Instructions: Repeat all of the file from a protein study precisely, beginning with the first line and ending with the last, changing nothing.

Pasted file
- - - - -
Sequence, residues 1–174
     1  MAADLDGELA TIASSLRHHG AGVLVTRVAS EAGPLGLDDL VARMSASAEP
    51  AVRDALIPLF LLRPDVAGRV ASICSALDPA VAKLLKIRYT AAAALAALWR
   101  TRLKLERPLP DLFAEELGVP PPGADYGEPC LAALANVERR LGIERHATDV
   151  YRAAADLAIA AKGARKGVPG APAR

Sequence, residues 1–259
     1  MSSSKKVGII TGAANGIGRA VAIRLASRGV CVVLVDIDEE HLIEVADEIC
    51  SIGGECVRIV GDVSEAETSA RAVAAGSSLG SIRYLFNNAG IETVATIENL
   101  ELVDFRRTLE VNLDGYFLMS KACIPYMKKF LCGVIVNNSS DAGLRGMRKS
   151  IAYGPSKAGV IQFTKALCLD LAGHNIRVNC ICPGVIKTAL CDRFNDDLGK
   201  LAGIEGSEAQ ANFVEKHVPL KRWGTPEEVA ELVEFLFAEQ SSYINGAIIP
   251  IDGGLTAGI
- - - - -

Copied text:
Sequence, residues 1–174
     1  MAADLDGELA TIASSLRHHG AGVLVTRVAS EAGPLGLDDL VARMSASAEP
    51  AVRDALIPLF LLRPDVAGRV ASICSALDPA VAKLLKIRYT AAAALAALWR
   101  TRLKLERPLP DLFAEELGVP PPGADYGEPC LAALANVERR LGIERHATDV
   151  YRAAADLAIA AKGARKGVPG APAR

Sequence, residues 1–259
     1  MSSSKKVGII TGAANGIGRA VAIRLASRGV CVVLVDIDEE HLIEVADEIC
    51  SIGGECVRIV GDVSEAETSA RAVAAGSSLG SIRYLFNNAG IETVATIENL
   101  ELVDFRRTLE VNLDGYFLMS KACIPYMKKF LCGVIVNNSS DAGLRGMRKS
   151  IAYGPSKAGV IQFTKALCLD LAGHNIRVNC ICPGVIKTAL CDRFNDDLGK
   201  LAGIEGSEAQ ANFVEKHVPL KRWGTPEEVA ELVEFLFAEQ SSYINGAIIP
   251  IDGGLTAGI